There is no such thing as a ‘free’ government service

Is there a word more abused in the English language than ‘free’?

Even if you just stick to the financial use of the word, the list of its misuse is never-ending. There are the BOGOF offers in supermarkets. There are the ‘free’ gifts given out by companies as incentives to buy.

I write in the magazine this week about the providers of a new with-profits fund who are giving out ‘free’ M&S vouchers to those who buy in – yet its annual fee comes in at around 1.5% a year, compared to a nice tracker for under 0.2% and the top performing Baillie Gifford managed fund for 0.4%.

But the most maddening use of the word free at the moment comes from the ‘Yes’ campaign in the Scottish referendum. The Twitter account run by Yes Scotland is a particular culprit.

Here are a few samples.

“Independence gives Scotland powers to help families, enabling us to tackle rising energy bills and increase free childcare.”

“With a Yes we can deliver a huge increase in free childcare for Scotland, to help mums like Amy.”

“A Yes means we can deliver a transformational shift in free childcare, saving families thousands a year.”

“With Yes, we can deliver better jobs and quality public services like more free childcare for Scots families.”

You get the picture.

The Yes campaign are obsessed with childcare (it’s all about getting the female vote) but they also endlessly confuse ‘free’ with ‘taxpayer-funded’. This really matters.

All spending comes with opportunity cost – so when a government decides that a service will be entirely taxpayer-funded, another service has to be less taxpayer-funded. It’s all about choices.

So ‘free’ university places in Scotland actually mean fewer university grants to children from poor families in Scotland.

‘Free’ prescriptions mean less spent on the NHS in other areas in Scotland (might this be why I have waited three months for a letter telling me when I might get a hospital appointment for my son?)

And more ‘free childcare’ will mean cutbacks in some other areas (assuming the SNP doesn’t actually have a money tree).

Using the word free suggests that there is no opportunity cost – that no choices have to be made. That’s just not true. The savings of thousands to some families mentioned above are costs of thousands to other families. There is no such thing as a ‘free’ government service.

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  • Mombers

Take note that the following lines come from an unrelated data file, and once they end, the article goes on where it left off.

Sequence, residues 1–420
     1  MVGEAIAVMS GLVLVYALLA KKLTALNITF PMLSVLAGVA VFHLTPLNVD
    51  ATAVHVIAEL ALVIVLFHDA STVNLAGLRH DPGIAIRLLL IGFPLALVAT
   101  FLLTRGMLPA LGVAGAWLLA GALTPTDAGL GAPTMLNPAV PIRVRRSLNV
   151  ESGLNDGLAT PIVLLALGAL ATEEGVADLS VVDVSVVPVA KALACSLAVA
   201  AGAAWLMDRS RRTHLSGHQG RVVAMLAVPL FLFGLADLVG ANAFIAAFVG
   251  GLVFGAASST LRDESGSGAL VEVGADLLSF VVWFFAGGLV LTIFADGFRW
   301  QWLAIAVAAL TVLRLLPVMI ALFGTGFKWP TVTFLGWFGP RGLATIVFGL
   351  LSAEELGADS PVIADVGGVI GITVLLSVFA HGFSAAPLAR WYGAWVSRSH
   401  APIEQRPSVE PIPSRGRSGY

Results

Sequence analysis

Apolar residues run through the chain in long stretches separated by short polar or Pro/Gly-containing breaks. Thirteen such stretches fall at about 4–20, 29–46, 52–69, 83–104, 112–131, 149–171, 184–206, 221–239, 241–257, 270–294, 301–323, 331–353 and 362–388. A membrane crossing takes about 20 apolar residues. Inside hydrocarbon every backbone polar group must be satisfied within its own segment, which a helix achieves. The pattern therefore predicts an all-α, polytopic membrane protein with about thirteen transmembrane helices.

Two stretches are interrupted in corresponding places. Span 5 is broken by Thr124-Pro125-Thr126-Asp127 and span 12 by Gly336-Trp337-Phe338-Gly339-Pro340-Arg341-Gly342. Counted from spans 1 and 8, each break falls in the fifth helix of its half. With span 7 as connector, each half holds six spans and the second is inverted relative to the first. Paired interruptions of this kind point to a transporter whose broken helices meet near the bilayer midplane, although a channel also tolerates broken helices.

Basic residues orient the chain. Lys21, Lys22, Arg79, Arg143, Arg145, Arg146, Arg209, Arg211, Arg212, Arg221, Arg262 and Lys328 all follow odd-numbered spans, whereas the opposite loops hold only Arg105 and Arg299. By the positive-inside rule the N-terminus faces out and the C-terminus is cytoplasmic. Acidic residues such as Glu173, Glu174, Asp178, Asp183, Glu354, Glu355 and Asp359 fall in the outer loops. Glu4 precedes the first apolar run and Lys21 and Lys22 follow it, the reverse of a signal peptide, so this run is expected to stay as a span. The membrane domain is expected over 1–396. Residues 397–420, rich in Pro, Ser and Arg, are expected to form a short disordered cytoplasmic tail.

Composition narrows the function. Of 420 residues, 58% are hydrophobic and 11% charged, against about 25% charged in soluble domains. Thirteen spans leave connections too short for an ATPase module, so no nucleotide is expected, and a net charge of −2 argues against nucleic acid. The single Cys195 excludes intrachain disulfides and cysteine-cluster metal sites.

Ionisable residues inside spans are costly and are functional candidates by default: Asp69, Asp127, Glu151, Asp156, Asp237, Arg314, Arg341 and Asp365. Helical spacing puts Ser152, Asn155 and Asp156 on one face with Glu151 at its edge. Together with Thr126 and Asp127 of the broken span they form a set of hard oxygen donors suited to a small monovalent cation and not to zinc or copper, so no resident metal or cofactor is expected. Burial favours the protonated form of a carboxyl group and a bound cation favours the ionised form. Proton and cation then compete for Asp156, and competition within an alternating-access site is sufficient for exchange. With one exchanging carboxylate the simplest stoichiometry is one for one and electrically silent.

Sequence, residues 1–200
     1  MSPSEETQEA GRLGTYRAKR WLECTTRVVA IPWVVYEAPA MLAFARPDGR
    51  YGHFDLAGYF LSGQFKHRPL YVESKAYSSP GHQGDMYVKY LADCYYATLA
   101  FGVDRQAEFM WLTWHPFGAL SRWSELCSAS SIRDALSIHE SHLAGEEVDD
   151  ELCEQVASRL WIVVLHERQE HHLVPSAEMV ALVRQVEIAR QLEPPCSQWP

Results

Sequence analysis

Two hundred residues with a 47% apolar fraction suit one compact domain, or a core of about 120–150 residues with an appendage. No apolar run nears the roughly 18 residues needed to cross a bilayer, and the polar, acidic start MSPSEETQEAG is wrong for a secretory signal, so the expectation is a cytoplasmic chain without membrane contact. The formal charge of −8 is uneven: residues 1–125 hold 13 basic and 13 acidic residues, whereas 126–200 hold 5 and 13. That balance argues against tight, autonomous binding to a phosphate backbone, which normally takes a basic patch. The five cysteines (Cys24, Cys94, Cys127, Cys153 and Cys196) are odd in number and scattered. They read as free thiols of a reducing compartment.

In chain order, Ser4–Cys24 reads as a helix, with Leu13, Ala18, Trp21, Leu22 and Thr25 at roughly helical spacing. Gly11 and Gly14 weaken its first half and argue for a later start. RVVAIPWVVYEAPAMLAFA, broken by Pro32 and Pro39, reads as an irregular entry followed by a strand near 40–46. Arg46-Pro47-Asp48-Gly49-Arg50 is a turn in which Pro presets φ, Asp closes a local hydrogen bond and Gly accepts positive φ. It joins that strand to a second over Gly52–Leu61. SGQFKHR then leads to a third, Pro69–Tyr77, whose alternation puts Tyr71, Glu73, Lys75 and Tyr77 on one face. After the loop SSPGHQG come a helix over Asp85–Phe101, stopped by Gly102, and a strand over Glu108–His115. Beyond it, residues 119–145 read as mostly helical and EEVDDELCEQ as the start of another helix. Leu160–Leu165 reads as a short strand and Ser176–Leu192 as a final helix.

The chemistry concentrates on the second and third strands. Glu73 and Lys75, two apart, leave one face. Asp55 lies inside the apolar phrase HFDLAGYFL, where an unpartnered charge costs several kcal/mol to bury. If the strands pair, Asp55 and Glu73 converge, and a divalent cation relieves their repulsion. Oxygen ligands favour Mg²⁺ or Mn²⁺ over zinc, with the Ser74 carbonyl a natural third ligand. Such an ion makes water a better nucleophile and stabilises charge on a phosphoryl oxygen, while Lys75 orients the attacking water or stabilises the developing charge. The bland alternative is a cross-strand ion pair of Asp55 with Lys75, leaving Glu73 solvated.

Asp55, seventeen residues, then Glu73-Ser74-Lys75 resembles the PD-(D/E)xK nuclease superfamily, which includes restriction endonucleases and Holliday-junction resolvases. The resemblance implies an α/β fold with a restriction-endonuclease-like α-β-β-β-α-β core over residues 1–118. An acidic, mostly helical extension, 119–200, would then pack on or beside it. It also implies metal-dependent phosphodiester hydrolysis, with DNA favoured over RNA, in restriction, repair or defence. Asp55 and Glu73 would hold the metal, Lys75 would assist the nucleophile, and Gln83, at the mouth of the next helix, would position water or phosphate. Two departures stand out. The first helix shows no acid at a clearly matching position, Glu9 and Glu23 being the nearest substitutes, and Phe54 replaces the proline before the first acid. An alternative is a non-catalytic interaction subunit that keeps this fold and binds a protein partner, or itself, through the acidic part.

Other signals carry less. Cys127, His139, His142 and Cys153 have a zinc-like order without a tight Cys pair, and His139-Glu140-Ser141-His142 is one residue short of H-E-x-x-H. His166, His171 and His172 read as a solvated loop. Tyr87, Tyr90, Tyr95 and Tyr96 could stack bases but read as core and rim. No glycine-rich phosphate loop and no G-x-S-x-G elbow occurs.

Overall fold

I agree with you on many points but childcare is not a good example in my opinion. Absent free childcare, working would be impossible for the vast majority of mothers. That would mean fewer working people and a smaller economy. Also, many people would simply choose not to have children given the greater opportunity cost. Unless the welfare state significantly reduced handouts to the elderly, the economy would collapse within a generation.

  • Merryn

    @Mombers I think you missed by point slightly. I am not commenting on whether offering childcare is good idea or not. I am saying that it isn’t free. It is taxpayer funded and in that sense takes money from something else. So the honest question to ask an electorate is not “Do you want free childcare?” but “Do you want the nation’s tax revenues to pay for more of your childcare even though it means diverting resources from the NHS or perhaps from primary education?” The answer might be yes in both cases but the second question must be asked.

  • Clive

    ‘Free’ childcare solves nothing.

    Sure, it gives families with kids more money. They might think that’s a good thing, but having lots of families with more money than they’d otherwise have allows/encourages house prices etc to be higher than they would otherwise be. Also, tax has to go up to pay for the ‘free’ childcare. Put it all together and most families are back to square one, paying more tax, having no more spare income.

    If their was no ‘free’ childcare, there’d be less money in the economy, so house prices etc. couldn’t reach such silly levels.

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